If you work for a company that hasn’t “made the list,” what does that mean? Well, I doubt many of you will give notice and start the job search all over again, but it may make you look critically at how you can improve upon your employer’s culture. Most of the people who might find value in a list of military-friendly companies, though, are undoubtedly job-seekers, and I know more than a few over the years who have actively sought work with a verified, certified  military- and Veteran-friendly employer.

 

National lists like those don’t account for many of the smaller, more local companies; if you’d still like to size up your own workplace, here are some things you might consider: Has the company taken on a specific hiring initiative? Do they reach out to separating Service members  and Veterans Service Organizations, looking for job-seekers? Do they have an onboarding program specifically for those from the military community? Do they have Veterans groups in-house already? Do they welcome members of the National Guard and Reserve to their workforce, and keep their families close when deployments crop up? These ‘criteria’ aren’t from any official list, but they’re a good start…

 

At the end of the day, whether or not you find any substantive benefit from an organization claiming to be military-friendly, know that there’s still a ‘sea of goodwill’ out there. If it’s only to get a free meal on a national holiday, or 10% off my home improvement supplies, or to try and get on with an employer that really understands the military community…I appreciate the gesture, and I imagine most of you do, too.

 

What Veterans and their Spouses Need to Know about Life Insurance

What Veterans and their Spouses Need to Know about Life Insurance

Submitted by Veronica Baxter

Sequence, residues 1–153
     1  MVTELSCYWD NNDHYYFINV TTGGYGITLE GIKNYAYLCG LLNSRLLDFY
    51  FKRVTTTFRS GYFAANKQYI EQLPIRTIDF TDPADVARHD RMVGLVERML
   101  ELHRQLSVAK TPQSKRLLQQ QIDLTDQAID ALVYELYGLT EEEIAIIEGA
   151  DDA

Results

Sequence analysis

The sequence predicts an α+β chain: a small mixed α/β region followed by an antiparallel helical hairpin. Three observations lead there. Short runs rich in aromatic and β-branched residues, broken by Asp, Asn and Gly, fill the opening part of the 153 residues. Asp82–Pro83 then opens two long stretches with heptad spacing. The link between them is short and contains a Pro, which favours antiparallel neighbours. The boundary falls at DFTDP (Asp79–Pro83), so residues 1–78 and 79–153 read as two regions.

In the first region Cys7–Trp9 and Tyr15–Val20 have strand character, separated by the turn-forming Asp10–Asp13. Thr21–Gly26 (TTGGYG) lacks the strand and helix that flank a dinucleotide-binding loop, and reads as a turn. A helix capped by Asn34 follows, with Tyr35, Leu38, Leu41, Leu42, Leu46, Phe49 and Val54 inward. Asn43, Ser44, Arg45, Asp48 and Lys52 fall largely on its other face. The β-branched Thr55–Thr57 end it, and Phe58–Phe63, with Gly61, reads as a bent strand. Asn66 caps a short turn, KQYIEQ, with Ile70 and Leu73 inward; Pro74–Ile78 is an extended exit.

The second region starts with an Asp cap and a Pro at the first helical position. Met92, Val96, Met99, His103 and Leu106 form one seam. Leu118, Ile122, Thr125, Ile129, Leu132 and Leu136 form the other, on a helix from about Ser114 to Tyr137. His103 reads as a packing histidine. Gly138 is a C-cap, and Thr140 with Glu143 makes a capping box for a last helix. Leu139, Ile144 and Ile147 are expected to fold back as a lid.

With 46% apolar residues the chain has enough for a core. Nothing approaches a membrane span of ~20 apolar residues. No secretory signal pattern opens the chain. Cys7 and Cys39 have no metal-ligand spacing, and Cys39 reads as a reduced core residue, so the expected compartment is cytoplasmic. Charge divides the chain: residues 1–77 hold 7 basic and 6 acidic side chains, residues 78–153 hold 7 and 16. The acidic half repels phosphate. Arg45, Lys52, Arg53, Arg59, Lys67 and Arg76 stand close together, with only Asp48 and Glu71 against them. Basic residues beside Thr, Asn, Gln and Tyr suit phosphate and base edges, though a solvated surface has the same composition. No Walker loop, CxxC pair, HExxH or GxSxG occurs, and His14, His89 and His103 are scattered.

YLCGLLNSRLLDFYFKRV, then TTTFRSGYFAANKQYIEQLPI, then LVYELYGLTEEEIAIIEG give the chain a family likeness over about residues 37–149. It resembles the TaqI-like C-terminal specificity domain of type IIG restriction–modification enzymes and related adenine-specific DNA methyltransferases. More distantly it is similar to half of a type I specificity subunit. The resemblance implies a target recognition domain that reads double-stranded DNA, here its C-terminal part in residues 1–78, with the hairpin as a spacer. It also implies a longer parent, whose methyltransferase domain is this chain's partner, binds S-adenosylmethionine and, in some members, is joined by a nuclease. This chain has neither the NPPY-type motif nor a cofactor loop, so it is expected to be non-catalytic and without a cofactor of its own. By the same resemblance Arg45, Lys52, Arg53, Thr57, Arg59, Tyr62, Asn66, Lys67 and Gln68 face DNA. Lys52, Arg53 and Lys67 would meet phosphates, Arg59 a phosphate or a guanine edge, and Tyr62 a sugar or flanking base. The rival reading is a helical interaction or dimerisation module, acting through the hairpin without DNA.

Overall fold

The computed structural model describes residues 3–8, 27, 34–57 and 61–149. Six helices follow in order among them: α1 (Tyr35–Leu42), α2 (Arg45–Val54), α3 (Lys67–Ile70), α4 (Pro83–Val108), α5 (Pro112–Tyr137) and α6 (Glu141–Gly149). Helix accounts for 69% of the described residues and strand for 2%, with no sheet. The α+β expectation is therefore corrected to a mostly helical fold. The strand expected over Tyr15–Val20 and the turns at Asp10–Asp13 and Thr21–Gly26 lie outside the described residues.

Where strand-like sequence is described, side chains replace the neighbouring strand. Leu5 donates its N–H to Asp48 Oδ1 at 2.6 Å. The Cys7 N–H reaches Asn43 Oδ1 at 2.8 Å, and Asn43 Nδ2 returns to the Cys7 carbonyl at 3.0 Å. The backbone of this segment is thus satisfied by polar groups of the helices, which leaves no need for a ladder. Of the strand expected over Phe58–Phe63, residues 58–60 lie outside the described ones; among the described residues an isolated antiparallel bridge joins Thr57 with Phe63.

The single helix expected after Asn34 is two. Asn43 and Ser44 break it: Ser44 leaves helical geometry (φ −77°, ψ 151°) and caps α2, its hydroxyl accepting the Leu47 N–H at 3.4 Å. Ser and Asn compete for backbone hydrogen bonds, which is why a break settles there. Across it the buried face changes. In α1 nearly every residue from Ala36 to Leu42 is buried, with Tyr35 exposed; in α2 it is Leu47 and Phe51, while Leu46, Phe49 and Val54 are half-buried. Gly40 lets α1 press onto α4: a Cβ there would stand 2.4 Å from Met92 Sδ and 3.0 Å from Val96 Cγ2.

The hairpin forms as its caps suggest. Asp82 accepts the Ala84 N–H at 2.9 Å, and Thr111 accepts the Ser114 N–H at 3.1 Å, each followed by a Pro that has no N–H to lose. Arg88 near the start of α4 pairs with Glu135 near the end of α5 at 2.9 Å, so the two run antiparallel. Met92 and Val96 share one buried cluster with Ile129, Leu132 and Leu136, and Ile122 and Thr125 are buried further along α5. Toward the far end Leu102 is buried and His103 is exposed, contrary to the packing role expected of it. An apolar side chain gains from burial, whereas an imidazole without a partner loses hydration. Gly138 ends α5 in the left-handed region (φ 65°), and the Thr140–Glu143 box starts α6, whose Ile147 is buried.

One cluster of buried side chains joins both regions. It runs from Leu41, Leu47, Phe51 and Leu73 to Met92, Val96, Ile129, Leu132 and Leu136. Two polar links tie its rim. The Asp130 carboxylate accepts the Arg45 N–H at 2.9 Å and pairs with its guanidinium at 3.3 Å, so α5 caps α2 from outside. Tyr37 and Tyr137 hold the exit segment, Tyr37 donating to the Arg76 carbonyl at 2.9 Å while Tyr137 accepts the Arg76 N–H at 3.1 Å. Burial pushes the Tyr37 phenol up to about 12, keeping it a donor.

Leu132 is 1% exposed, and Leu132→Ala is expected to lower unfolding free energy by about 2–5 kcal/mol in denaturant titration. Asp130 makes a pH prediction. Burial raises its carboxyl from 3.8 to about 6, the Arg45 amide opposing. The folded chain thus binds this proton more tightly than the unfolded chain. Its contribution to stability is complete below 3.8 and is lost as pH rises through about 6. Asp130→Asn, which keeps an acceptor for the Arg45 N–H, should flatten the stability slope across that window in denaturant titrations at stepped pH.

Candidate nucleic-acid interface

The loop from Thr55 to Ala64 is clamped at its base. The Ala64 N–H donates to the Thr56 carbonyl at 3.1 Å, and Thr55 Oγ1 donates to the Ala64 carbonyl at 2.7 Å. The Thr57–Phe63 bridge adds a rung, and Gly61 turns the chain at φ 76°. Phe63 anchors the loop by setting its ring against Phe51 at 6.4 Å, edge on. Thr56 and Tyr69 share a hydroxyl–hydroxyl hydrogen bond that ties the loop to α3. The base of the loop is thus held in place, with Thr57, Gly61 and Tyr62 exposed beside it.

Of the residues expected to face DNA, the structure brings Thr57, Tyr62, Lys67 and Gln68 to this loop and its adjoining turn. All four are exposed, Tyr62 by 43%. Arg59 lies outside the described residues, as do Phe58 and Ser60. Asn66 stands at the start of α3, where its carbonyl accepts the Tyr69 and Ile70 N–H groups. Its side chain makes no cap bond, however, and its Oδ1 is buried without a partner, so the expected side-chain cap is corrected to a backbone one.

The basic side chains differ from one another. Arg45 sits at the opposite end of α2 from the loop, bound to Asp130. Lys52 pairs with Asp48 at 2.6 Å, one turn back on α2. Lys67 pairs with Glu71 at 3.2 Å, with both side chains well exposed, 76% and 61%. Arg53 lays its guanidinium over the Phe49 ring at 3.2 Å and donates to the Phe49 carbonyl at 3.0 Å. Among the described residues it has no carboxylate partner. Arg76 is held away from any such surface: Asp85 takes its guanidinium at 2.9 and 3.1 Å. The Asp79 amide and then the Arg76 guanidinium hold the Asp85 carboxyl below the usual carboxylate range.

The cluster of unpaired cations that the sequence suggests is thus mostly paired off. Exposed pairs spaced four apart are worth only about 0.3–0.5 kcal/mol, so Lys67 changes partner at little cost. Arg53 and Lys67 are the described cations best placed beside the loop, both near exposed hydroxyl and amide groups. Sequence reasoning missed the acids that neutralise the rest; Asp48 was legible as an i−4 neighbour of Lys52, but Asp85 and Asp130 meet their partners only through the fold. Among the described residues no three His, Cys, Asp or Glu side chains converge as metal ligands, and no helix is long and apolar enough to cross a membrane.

Before separating from military service, there are some decisions you need to make regarding the financial future of your family. An individual life insurance policy may figure into those plans.

Government-sponsored Ways to Protect Your Family Financially

Military Pension

Prior to separating, you will have the option to provide that your spouse receive a portion of your military pension when you die. This is at significant cost, so be sure to weigh the benefits of provided for your surviving spouse against the loss of retirement income to pay for that.

 

If you are a war-time veteran, your surviving spouse and unmarried surviving children may be eligible for a modest Survivors Pension, also called a Death Pension.

Serviceman’s Group Life Insurance (SGLI)

This low-cost group term life insurance policy is available to active duty, active duty/inactive duty for training, and National Guardsman and Reservists. Upon separation from the military you have the opportunity to convert this policy to a either Veterans’ Group Life Insurance (VGLI) or to an individual plan. Again, veterans should weigh the cost of converting this insurance with the potential benefit.

 

To convert the SGLI policy to VGLI, a veteran must take action within one year and 120 of discharge. If the veteran submits an application to convert within 240 days of discharge the insurer will not require any proof of insurability or take a medical exam.

Dependency and Indemnity Compensation (DIC)

Veterans’ survivors can receive thousands of dollars in tax-free payments if certain criteria is met: 

 

  • Service member dies during service;
  • Veteran dies due to a service-connected disability;
  • Veteran’s death unrelated to service but VA rated him or her totally disabled from a service connected disability.

Service-Disabled Veterans Insurance (S-DVI)

Any veteran who is rated disabled qualifies for a Serivice-Disabled Veterans Insurance (S-DVI) that provides life insurance coverage up to $10,000. Totally disabled veterans can have premiums waived and apply for an additional $30,000 in life insurance coverage, for which they must pay premiums.

Private Individual Life Insurance

For many veterans, private individual life insurance bridges the gap between what is available to their surviving spouse and children through the government, and what their surviving family needs to survive financially. Even if you and your family qualify for all available government financial assistance programs listed above, those benefits may still leave your family short.